Whether you have acted in the Olivier Theatre, or taken part in the school nativity, any actor will be oh too familiar with the organised chaos commonly referred to as ‘backstage’. The panicked cry of ‘where’s my prop?!’ five seconds before your cue, the frantic costume changes in the wings and the crippling fear of not being called for your scene are not only rights of passages but, in fact, an integral part to the production. Perhaps even an aspect that audience members rarely consider whilst sat happily in the stalls. Where would Cinderella be without her glass slipper? Could Romeo and Juliet have lived happily ever after if Romeo had been cued a bit late? Perhaps Lady Macbeth wouldn’t have felt quite so guilty if she hadn’t had time to apply that fake blood to her hands in-between scenes? It may be, that the seamless performance audience members witness onstage, is in fact, only the tip of an iceberg.

It all begins, of course, in the rehearsal room. After weeks of eyeing up your opponents during auditions, you are finally sat in an unusually dark room with a slightly damp smell; some feeling pretty chuffed with their solo and others less so with the role of Villager No. 2. It is at this point where the thought of being secure in your lines, standing on stage, in costume, seems like a faraway dream. At this precise moment, dodgy American accents are being polished and elaborate mimes for props you simply don’t have are being carried out with painful attention to detail. Meanwhile, the director is becoming increasingly stressed as cues are missed, lines are shaky and ‘NO-ONE. I REPEAT NO-ONE IS WHERE THEY ARE SUPPOSED TO BE!’ is screamed over a microphone.

The general feeling in the rehearsal room tends to be one of despair and doubt as to whether the show will ever be ready. The
famous phrase, ‘it’ll all be ok on the night’ does, however, always seem to pull through when you finally have something worthy of performance. It is at this moment that it becomes obvious just how important backstage is; it can quite simply carry the play or allow it to flop, making the phrase ‘break a leg’ cut a bit close to the bone.

That isn’t to say, however, that a few technical hiccups during a production don’t add to the charm and fun, both for actors and audience members. During one particularly memorable sixth form production of ‘A Christmas Carol’, a yoyo, which was crucial to the scene, was not in the coat pocket it was supposed to be in. This resulted in having to perform an overly detailed, ‘off the cuff’ mime of said yoyo in front of a live audience: great sport for them, rather humiliating for me. During another production of RSC’s ‘Wendy and Peter Pan’, an actor not being able to make it in time from the dressing room to the stage meant that drastic improvisation had to take place, resulting in the contents and length of the scene changing dramatically. I’m fairly confident that the audience didn’t notice, the actors onstage, however, most definitely did and, safe to say, the post show adrenaline levels in the dressing room were running much higher than usual.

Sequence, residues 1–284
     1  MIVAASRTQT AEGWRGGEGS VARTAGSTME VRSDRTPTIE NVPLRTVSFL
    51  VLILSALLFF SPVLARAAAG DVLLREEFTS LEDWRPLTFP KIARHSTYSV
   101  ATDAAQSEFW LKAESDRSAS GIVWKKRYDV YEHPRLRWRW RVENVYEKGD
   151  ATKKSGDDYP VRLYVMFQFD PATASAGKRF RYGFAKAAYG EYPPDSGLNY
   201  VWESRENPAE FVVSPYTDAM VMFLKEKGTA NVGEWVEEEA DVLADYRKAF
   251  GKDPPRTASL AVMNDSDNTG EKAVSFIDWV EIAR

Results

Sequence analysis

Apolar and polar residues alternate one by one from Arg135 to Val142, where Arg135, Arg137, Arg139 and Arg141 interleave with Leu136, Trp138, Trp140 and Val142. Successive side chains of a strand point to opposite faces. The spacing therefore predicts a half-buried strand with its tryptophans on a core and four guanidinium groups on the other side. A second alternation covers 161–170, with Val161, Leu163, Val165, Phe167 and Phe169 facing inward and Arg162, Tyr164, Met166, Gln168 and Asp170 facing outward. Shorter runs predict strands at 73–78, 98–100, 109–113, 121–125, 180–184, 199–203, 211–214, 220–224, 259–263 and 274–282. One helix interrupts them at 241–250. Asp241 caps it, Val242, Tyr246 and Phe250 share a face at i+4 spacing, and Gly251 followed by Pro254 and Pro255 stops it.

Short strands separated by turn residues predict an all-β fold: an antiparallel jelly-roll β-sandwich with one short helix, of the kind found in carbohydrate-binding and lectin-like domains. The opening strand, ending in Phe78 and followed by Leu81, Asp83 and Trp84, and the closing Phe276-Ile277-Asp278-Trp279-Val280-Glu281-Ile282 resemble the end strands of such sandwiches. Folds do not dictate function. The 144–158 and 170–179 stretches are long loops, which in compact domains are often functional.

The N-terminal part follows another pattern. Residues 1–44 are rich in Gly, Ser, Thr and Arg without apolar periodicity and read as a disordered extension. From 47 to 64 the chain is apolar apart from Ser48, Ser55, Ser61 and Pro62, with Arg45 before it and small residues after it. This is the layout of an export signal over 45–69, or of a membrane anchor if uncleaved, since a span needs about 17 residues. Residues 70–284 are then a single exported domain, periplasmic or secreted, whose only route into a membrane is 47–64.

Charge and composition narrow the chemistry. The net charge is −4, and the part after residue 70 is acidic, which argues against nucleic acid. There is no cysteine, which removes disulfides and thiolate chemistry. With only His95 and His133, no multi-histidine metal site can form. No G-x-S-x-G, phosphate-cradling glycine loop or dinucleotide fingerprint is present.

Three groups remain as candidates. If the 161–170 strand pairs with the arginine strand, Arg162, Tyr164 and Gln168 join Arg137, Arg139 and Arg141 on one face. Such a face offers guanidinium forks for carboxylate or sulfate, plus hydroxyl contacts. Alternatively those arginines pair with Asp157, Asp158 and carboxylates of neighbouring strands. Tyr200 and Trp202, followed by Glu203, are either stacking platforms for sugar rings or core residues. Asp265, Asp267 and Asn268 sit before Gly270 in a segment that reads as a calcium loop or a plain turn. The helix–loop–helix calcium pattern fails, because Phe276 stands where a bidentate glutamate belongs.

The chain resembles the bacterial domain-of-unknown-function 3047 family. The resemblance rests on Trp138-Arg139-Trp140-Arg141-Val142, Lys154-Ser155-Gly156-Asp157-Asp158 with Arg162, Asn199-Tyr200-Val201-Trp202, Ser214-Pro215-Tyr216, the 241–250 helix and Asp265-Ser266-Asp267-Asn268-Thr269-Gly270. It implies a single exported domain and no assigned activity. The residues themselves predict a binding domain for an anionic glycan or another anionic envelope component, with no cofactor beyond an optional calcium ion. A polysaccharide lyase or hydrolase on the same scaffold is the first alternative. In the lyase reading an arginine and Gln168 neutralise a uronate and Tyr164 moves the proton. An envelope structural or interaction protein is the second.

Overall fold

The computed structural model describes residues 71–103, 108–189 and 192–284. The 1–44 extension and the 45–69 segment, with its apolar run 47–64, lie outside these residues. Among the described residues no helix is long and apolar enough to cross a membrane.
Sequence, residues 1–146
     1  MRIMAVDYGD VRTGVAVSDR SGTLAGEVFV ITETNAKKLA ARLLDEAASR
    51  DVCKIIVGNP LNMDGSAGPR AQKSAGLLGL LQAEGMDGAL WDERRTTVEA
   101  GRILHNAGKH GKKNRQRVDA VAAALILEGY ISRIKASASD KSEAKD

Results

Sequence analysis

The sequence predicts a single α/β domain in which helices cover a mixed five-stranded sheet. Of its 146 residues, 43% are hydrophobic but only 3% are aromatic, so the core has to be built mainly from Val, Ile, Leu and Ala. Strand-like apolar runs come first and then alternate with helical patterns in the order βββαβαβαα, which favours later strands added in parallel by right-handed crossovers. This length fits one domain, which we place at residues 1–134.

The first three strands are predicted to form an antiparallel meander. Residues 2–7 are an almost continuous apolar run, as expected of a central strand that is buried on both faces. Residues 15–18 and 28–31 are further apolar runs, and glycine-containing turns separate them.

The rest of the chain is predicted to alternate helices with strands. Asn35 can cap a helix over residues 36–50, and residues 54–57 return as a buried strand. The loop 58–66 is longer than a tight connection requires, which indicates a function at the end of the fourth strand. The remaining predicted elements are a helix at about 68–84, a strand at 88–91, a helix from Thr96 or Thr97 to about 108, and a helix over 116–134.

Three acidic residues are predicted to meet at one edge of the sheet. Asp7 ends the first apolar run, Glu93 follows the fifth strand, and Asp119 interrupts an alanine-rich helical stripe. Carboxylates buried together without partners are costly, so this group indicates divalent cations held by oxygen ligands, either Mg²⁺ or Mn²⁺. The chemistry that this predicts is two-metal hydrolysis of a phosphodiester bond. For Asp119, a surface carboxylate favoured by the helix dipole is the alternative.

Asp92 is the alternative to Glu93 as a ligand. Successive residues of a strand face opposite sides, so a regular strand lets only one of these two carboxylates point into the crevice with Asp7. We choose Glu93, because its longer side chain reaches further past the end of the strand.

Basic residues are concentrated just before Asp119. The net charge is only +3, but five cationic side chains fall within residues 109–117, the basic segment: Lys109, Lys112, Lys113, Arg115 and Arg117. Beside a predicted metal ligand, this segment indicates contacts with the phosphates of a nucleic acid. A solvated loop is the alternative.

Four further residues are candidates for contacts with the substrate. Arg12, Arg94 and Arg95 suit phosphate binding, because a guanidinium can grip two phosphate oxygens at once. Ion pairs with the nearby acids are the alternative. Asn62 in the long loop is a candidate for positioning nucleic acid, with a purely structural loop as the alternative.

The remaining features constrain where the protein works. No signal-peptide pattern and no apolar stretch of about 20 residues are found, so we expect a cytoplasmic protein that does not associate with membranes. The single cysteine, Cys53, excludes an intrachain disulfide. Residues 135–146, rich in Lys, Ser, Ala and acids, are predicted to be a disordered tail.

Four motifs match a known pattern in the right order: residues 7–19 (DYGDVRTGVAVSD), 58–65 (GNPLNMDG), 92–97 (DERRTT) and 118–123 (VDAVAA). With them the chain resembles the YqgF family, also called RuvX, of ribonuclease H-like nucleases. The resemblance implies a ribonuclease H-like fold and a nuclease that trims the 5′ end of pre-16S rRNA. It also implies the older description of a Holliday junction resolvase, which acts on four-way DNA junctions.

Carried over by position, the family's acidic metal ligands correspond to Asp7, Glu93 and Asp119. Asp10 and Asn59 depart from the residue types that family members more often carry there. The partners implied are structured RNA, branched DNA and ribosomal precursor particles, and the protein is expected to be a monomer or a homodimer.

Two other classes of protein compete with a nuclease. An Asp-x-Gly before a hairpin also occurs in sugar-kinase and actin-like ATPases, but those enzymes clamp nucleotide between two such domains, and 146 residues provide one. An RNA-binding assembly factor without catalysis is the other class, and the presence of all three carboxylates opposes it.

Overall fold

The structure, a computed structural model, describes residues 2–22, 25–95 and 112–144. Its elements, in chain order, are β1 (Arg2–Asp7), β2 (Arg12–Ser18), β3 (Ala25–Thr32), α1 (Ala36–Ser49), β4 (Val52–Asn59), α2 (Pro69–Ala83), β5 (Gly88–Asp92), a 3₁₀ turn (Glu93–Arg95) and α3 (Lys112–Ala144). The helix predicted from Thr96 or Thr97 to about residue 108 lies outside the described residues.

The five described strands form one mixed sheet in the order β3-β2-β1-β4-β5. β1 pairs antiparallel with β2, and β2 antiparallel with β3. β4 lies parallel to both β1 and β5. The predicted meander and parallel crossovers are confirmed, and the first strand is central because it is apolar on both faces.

Then there is the pre-show dressing room tension that every actor is craving during this latest lockdown. From the lost costumes and wardrobe malfunctions being sorted out last minute to the soundtrack of tongue twisters and scales being sung in the background. Meanwhile, seeing fellow castmates in their underwear no longer seems strange; in fact, no-one bats an eyelid. It is maybe these small moments that are most missed by actors during the pandemic, not the dramatic death scenes, or passionate declarations of love onstage, but the little trials and tribulations that go on in the wings which ultimately bring a cast closer together.

Ultimately, it doesn’t seem to be the centre stage limelight that actors are missing so much during lockdown, but rather the backstage community, the dressing room drama and panic in the wings that all contribute to the feel-good-feeling drama can achieve. It seems that now, more so than ever before, the show truly must go on in order to preserve this precious sense of ensembl

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